Most of our readers will not have experienced such a degree of departure from the principles of scripture, but it is worth noting that such excesses exist in Christendom.

The Hard-Sell is Unscriptural

I believe you will search in vain throughout the New Testament for an example of the hard-sell that we are encouraged to emulate. The Lord Jesus and his apostles simply didn’t ask for a lot of help. Paul, for one, was quite happy to work with his hands rather than be in anyone’s debt or risk reducing his opportunities to preach and teach the gospel.

Yes, it is noted that the apostle Paul on at least one occasion asked Christians for money. What is less frequently observed about that request is that he didn’t ask for himself.

Others have done a much better job of setting out what Paul actually did and didn’t ask for, so I will not attempt to reinvent the wheel. What is evident is that not the tiniest fraction of the gift he solicited contributed to his personal upkeep in any way. I have no objection to the public support of causes with which the pitchman has an arm’s length relationship, though I question whether we need to sell merchandise to generate support.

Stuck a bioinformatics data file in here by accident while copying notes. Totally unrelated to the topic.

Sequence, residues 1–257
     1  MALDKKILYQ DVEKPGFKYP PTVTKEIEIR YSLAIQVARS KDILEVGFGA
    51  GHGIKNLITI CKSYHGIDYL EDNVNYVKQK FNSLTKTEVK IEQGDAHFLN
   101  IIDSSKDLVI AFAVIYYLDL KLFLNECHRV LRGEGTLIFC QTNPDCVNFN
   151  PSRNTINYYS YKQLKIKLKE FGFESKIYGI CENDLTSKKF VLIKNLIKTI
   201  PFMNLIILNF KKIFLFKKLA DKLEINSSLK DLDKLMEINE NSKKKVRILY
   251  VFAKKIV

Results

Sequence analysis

The Hard-Sell is Unnecessary

Perhaps a little background may help. My dad was a full-time itinerant Bible teacher for over fifty years. He worked for no denomination and was salaried by no organization. He and my mom raised a family on what arrived in their mailbox or was slipped into his jacket pocket in churches where he preached and taught. To the best of my knowledge, he never revealed a need to anyone. Like the apostle Paul, he was commended to the grace of God for the work that he eventually did and turned loose into the world to do it by a group of elders who believed such a life was the Lord’s will for him. My mother, in an act of faith she probably thought no big thing, joined him in his labors a few years later.

Over twenty years of having a full belly, clothes to wear and a roof over my head as a child, teenager and young adult are ample evidence to me that the hard-sell is unnecessary. Our Father knows what we need before we ask him.

Wickedness and Utility

So is my missionary friend a wicked man for shoving his perceived requirements for his ministry down the throats of the faithful as he has opportunity? Absolutely not. Genuine poverty is being addressed. Needs are being met. The Bible is being taught. Christ is being preached. All of that is worth celebrating.

But it also falls short of the ideal somehow, doesn’t it? If our God is as big, as powerful and as caring as we proclaim him to be, does he really need our twenty-first century marketing skills to make his desires known or to accomplish his purposes?

I suspect he does not. The sound of salesmen is not a modern noise, but it is merely noise nonetheless.